“Or you get a song like ‘Eighteen,’ which is a straight-ahead rock anthem and you go, “What is this song about? Eighteen – I’m eighteen and I like it.”  Now, that was extremely valid when I was 20, 21 years old. I’m 58 now – I’m better shape now than I was when I was 18. When I was 18, I was a wreck. But I think, ‘how would Alice do this now?  He’s sort of the warrior. He’s been through every war there was.’  He’s still a villain, (so) Alice would do it with a crutch. ‘I’m Eighteen,’ and he’s got this crutch.  There’s a certain sense of humour to that – He’s 18 and with a crutch, now what’s he going to do with a crutch?

“Well, it’s a machine gun, it’s a prop, it’s something that he swings at the audience – a crutch could do a lot of things. But, it’s also such a funny juxtaposition of a guy saying ‘I’m Eighteen’ and he’s leaning on a crutch. To me, I think all of those things go into what happens on stage.”

AG: Is it still possible to shock fans anymore or is it even the goal anymore?

Alice: “No, I don’t think it is. Unless somebody’s just so naïve that it’s unbelievable. The one thing that Marilyn Manson and I both agree on is that we can’t shock an audience.  When my fantasy, when KISS’s fantasy, when Marilyn Manson’s or any of these theatrical bands’ is not as powerful as reality, then it can’t be shocking.

“When you turn on CNN and you see a guy getting his head cut off by a terrorist, that’s shocking – that shocks me. So, me getting my head cut off in a guillotine is obviously a trick (and) not really shocking – but it was in ‘70s because we didn’t have CNN back then. Right now, we are so information loaded. I mean something happens in a riot and we’re seeing it immediately on television and you see things that are really, truly shocking. I think our job is to entertain the audience.”

AG: What is the best moment you’ve had on stage?

Alice: Oh man, there’s so many. A lot of the times your best things that happen are things that are accidents. You’re onstage and you have all of this choreography all set up and it took months to rehearse. You do that thing and you realize you get a good reaction for it, but then something totally unexpected happens and the audience goes crazy.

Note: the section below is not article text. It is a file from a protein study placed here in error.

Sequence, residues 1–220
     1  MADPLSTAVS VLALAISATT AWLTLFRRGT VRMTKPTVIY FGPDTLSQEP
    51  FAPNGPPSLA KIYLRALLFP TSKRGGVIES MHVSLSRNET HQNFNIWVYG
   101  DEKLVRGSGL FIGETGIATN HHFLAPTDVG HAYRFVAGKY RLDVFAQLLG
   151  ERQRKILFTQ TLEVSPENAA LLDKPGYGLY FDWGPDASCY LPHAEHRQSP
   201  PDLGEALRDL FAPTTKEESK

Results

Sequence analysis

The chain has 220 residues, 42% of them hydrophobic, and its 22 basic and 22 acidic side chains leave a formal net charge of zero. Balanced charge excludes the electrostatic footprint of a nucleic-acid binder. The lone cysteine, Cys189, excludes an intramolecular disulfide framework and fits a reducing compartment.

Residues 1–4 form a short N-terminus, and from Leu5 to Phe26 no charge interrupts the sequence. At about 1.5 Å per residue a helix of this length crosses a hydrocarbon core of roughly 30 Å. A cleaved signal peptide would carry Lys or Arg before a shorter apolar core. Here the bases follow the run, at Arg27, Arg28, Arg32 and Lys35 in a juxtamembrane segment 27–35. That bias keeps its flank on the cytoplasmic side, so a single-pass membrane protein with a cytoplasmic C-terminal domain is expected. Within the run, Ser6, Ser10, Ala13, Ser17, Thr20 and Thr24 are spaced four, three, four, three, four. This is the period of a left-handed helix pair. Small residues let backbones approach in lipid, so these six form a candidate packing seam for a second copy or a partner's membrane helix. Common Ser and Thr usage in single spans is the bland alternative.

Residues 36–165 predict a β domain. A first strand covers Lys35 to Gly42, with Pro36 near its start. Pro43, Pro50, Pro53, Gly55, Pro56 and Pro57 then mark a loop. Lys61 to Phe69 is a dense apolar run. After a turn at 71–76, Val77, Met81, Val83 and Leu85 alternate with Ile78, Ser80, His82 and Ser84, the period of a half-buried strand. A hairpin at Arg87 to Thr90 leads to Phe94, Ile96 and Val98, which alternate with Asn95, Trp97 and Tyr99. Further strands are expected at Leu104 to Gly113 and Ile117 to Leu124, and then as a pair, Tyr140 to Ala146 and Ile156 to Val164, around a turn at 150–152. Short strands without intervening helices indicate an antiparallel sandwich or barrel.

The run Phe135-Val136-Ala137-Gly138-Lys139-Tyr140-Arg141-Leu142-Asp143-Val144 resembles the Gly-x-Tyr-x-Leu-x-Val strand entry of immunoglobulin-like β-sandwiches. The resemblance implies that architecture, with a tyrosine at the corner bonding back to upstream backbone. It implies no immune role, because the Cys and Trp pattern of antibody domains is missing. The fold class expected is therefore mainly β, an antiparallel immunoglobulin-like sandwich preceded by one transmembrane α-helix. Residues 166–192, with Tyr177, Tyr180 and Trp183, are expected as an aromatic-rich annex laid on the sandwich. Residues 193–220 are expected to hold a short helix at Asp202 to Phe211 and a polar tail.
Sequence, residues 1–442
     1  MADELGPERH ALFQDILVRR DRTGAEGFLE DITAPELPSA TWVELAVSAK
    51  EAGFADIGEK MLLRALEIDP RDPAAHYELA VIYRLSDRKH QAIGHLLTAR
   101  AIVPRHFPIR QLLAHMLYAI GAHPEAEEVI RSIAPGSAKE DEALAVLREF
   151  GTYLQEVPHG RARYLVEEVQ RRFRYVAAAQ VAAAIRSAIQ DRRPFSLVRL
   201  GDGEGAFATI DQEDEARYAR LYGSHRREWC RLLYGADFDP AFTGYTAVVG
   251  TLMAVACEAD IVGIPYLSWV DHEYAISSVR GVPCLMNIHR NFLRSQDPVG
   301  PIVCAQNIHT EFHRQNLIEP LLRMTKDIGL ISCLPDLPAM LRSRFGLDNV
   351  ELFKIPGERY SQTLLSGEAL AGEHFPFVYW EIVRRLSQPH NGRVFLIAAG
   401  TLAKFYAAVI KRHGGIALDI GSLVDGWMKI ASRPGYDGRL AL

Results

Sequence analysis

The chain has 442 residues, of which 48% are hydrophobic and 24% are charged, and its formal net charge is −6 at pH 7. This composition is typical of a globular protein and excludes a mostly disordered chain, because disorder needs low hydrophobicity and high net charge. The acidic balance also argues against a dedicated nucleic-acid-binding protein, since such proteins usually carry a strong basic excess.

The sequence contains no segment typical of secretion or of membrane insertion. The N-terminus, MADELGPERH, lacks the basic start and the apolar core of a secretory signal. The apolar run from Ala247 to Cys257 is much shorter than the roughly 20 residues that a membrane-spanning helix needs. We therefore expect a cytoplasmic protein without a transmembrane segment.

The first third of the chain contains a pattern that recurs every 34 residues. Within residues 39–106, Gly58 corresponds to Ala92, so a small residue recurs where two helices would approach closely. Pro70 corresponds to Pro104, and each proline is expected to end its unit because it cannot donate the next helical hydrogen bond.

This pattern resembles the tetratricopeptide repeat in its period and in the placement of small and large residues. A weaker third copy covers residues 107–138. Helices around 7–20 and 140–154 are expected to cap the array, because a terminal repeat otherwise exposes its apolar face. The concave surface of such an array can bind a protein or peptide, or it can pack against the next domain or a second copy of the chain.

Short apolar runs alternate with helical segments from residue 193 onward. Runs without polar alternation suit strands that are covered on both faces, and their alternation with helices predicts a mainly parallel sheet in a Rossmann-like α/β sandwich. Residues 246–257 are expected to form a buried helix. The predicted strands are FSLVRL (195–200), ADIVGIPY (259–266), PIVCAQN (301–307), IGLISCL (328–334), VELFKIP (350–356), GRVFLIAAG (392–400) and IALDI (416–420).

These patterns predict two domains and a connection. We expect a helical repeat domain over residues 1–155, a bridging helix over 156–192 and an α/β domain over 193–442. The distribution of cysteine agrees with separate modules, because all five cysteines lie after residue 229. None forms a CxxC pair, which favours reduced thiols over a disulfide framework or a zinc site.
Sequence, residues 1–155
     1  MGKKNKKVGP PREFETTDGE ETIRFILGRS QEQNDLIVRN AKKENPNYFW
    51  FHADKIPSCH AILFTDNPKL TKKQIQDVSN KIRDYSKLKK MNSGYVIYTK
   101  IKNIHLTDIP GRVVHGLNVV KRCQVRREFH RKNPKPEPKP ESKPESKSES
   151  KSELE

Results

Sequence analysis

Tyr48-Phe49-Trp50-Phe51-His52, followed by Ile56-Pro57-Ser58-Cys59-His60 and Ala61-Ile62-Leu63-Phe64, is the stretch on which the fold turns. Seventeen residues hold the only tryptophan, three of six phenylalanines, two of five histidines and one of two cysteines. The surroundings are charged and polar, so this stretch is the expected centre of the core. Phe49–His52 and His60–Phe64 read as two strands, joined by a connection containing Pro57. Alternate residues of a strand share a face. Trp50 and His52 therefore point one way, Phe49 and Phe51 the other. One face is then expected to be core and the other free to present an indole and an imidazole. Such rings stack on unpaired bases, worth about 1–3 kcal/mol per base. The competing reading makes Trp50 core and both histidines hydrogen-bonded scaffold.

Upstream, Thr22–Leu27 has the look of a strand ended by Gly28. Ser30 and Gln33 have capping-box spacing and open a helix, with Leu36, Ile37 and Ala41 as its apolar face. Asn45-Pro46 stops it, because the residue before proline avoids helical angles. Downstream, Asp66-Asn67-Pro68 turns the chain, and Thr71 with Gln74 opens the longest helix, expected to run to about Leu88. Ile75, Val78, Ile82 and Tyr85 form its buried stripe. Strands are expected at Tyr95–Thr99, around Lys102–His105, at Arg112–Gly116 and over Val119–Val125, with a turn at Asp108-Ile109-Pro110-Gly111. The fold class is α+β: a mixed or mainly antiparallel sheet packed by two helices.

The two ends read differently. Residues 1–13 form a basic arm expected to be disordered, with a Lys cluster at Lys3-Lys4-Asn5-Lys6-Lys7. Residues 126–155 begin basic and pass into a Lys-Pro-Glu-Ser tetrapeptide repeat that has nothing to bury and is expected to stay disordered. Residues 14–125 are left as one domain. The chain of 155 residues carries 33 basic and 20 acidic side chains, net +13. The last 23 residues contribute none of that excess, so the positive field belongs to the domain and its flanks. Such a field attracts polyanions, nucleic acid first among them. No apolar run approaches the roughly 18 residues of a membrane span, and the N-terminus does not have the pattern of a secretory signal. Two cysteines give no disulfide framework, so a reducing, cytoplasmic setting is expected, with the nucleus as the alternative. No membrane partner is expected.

“You sit there and go, ‘whatever that was, we’re keeping it in the show.’ I have this rapier duelling sword that I use all of the time and I would be looking on the left side and somebody throws this doll with the make up on it and I just catch it out of the corner of my eye. It’s flying up towards the stage and without even looking, I put my sword out and it sticks on the end of the sword. Those alice-cooper-2are the moments you can’t rehearse, because the audience went ‘unbelievable!’ Sort of like I do it every night. It might happen once in a while, but generally that’s not going to happen. I was Zorro at that moment.

AG: Looking back at all of what you’ve done throughout the years, do you ever think about how people perceive you as someone who started the shock-rock scene?

Alice: “Like anything else, I realize the history of rock n’ roll that, yeah, we were the first to do that – there was nobody theatrical before Alice Cooper. Nobody did a show like ours; nobody actually spent three months rehearsing what was going to happen. We treated it almost like a Broadway show.

“Of course we didn’t want to be Broadway, we wanted it to be our version of Broadway, which was a sick, twisted sideshow. But, it took a lot of rehearsal and it took a lot of making mistakes. I like to think that there was no (David) Bowie before us, there was Bowie after us, and what he did was take it in a different direction. There was no KISS before us. None of these bands were theatrical before Alice.”

-Adam Grant